IELTS is a bench marking for those seeking international education and desire global mobility.


IELTS is a comprehensive test for English language proficiency designed to assess the ability of non-native speakers of English who intend to study in the medium of English.

IELTS is required in order to pursue academic or non academic training. The test is designed so as to judged the various areas which one can encounter during his/her medium of English instruction.

IELTS is accepted by most in Australia, Britain, Canada and New Zealand’s academic institutions. IELTS is accepted by many professional organizations including the New Zealand. Some universities in U.S.A also accept IELTS such as Harvard B.S. Immigration Services, the Australian department of immigration and Multicultural affairs, the Australian Medical Council, the UK Medical Council, the UK ministry of defense and UK Nursing Council.

IELTS Exam Details

The test is jointly assessed and run by Cambridge E SOL, IELTS Australia : IDP Education Australia. A revised version IELTS was introduced in 1995.

All the vocational & training programmes in UK, Australia, New Zealand and Canada require IELTS.

The examination in India is conducted by British Council and IDP. There are centres located all over India. Any student seeking the examination can contact the nearest test centre or can go to the local British Council office / IDP. He/She should contact the test centre to find out the date of next test and collect the IELTS handbook and an application form. The filled application form should be seat back to the test centre with the test fee. According to the availability of seat he/she will be given a date and time of the test.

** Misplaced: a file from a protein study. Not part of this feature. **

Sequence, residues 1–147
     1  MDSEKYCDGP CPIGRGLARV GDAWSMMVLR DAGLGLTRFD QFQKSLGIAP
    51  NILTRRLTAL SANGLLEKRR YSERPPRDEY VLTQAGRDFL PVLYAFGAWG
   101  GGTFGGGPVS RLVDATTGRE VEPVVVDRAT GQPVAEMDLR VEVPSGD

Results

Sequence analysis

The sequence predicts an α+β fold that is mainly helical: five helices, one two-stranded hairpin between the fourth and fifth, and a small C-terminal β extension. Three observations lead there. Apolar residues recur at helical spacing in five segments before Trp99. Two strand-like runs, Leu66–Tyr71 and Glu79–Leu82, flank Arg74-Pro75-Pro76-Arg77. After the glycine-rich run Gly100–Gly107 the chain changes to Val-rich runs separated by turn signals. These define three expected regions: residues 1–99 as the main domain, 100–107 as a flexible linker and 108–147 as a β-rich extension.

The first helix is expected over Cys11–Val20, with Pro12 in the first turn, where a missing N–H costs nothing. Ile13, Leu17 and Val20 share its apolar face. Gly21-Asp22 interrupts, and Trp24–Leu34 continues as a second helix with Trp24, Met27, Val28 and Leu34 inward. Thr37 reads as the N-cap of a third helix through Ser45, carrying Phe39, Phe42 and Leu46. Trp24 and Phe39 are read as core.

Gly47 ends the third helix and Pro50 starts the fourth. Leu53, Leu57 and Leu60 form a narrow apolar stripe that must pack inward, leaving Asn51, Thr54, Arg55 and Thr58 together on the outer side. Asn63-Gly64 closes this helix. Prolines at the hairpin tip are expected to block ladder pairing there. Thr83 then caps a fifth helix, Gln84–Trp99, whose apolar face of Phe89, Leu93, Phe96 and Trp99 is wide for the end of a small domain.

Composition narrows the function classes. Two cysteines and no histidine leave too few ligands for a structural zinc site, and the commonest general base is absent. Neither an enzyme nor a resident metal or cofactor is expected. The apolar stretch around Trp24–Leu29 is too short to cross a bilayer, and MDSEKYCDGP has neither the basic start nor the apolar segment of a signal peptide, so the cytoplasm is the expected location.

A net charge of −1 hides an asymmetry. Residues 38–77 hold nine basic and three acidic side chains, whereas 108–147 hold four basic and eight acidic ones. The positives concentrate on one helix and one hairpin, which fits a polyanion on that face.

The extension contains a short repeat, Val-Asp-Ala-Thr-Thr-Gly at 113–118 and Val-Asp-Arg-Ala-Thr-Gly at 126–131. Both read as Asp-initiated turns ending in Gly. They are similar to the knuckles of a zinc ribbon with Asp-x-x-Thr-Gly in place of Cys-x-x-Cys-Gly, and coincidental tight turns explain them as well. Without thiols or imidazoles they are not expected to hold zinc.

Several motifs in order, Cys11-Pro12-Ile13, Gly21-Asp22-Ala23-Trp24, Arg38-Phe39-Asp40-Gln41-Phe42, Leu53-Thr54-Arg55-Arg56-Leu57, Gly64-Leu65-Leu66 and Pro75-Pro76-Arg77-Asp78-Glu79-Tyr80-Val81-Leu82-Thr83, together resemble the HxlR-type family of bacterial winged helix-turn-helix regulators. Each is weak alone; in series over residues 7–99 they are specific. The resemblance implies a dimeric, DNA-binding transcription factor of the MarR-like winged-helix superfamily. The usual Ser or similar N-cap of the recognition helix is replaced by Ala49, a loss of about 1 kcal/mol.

The candidates are tested in Listening, Reading, Writing and Speaking. There are two levels: Academic and General level. All candidates take the same Listening and Speaking Modules. There is a choice of Reading and Writing Modules according to whether a candidate is taking the Academic or General version of the test. Academic Reading and Writing modules are suitable for those seeking admission to undergraduate and post graduate courses. General Reading and Writing modules are suitable for candidates who are going to English- speaking countries to complete their secondary education or to undertake work experience or training programmes not at a degree level. The general modules are also used for immigration purposes.

The Results are available on the net within a week. All four modules are equally weighted. Individual module score and overall score are of equal importance. The IELTS results are reported on the nine band scale. Most universities and colleges accept 6.5 or 6.0 for entry to academic programmes, but different institutions accept different IELTS scores for different types of courses.

The test modules are taken in the following order.

4 sections, 40/42 questions 30 minutes.

Academic Reading General Reading
3 sections, 40 questions, 60 minutes 3 sections, 40 questions, 60 minutes

Academic Writing General Writing
2 tasks, 60 minutes 2 tasks, 60 minutes

11 to 14 minutes

Total test time
2 hours 44 minutes

The test report have a validity of two years.
How to prepare for IELTS

Following hints may help in the preparation of IELTS.

  1. Gamming is not an effective study technique. As there is no prescribed text regular practice is essential. The skills require a period of time to build up.
  2. Remember each of four modules carries the same weight so they should be treated equally.
  3. Plan your time table. Use your time efficiently.
  4. Give break between your practice sessions.